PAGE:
I like super features. In many respects they represent the latest challenges in skateboarding, at least as expressed in concrete. I don’t endorse super features anywhere and everywhere, however. For me to embrace a super feature, it needs to be well integrated into its surroundings, i.e. the overall skatepark.

    In attempting to convey to non-skaters and ourselves what makes for a good skatepark, we have long analogized to a golf course. Nobody would think of hiring non-golfers to design a golf course, as there is literally no substitute for personal experience. And no golfer/golf course designer would think of designing a golf course where the layout of the 18 holes repeated itself in any way, shape, or form. By design each hole is unique.

    The same rules apply to skatepark design.

    The similarities between a golf course and a skatepark continue. Golfers define the quality of the experience over 18 holes. Similarly, skaters judge the quality of the experience based on their interaction with the whole skatepark. In golf you don’t play one hole over and over. At a skatepark you can, of course, skate only one feature but basically nobody does that.

    To be sure, a golf course can include one particularly spectacular hole just as a skatepark can include a super feature that grabs everybody’s attention. But one spectacular hole does make not a golf course great, just as one super feature does not make a skatepark great.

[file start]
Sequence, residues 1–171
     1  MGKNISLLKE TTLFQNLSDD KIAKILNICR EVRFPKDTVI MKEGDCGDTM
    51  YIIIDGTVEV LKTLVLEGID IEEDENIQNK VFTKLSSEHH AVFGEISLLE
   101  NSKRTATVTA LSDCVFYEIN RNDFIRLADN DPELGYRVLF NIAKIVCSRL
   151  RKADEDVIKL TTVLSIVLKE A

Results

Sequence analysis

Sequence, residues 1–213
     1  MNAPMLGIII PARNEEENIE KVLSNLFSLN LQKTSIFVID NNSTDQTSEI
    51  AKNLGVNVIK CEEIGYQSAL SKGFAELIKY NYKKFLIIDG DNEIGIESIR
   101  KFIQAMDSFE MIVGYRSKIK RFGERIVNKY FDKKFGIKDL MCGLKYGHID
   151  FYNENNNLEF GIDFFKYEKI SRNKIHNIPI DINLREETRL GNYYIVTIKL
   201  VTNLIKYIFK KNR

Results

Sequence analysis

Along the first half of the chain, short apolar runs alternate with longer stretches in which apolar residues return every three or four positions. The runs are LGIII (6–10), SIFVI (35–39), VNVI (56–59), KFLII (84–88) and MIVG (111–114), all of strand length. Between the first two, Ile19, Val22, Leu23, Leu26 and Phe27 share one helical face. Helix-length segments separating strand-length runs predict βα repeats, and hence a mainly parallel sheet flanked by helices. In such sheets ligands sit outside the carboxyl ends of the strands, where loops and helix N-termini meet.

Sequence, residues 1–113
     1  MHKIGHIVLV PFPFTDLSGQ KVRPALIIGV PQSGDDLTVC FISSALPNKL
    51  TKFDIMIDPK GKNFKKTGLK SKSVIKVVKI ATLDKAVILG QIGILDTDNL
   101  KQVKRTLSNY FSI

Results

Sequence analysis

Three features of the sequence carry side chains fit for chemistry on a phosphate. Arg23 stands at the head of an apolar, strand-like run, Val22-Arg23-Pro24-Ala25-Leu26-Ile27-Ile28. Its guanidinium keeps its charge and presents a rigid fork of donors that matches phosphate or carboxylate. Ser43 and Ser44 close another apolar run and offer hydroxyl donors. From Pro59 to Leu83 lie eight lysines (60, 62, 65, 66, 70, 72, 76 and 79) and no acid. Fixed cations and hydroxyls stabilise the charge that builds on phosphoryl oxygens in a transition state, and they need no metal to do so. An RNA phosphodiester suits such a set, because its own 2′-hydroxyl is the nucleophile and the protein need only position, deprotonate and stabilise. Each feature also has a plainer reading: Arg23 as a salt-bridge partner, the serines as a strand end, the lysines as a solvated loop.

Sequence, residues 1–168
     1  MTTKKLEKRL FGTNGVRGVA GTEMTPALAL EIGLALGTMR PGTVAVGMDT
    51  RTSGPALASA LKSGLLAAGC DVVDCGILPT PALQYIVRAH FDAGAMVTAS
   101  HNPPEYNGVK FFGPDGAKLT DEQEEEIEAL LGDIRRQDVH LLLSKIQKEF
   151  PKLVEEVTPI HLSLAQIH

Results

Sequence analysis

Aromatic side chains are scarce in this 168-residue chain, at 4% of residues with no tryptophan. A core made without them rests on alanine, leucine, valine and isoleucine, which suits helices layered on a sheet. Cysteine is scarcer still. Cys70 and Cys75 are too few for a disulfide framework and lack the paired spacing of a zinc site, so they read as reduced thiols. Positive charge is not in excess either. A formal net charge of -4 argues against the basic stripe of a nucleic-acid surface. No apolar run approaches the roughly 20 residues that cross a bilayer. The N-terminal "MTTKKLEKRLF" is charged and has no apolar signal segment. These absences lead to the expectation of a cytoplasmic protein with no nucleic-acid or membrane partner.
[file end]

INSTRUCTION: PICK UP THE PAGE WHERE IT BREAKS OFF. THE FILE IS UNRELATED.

I won’t belabor the analogy further; I’m confident you get it.

    My problem with the original Gabriel design was that it looked a lot like previous Airspeed work in Oregon. That is, it was one super feature surrounded by a ho-hum design. As I just said, I like super features, but not at the expense of the rest of the park. It doesn’t represent good design because so few skaters will access the double funnel while so many skaters will not (because, frankly, they’re not good enough or not willing to be good enough).

    To this point, I offer another analogy. A skatepark is like a sports team. The skatepark is a collection of features whose shared interaction creates the skateboard experience. No one feature defines the experience on its own. A sports team may have a really high scoring player, analogously a skatepark super feature, but scoring points is not enough. You need a high scoring player that also makes the whole team better and leads the championship effort. A player that simply scores a lot of points but fails to make the rest of the team better does not win championships.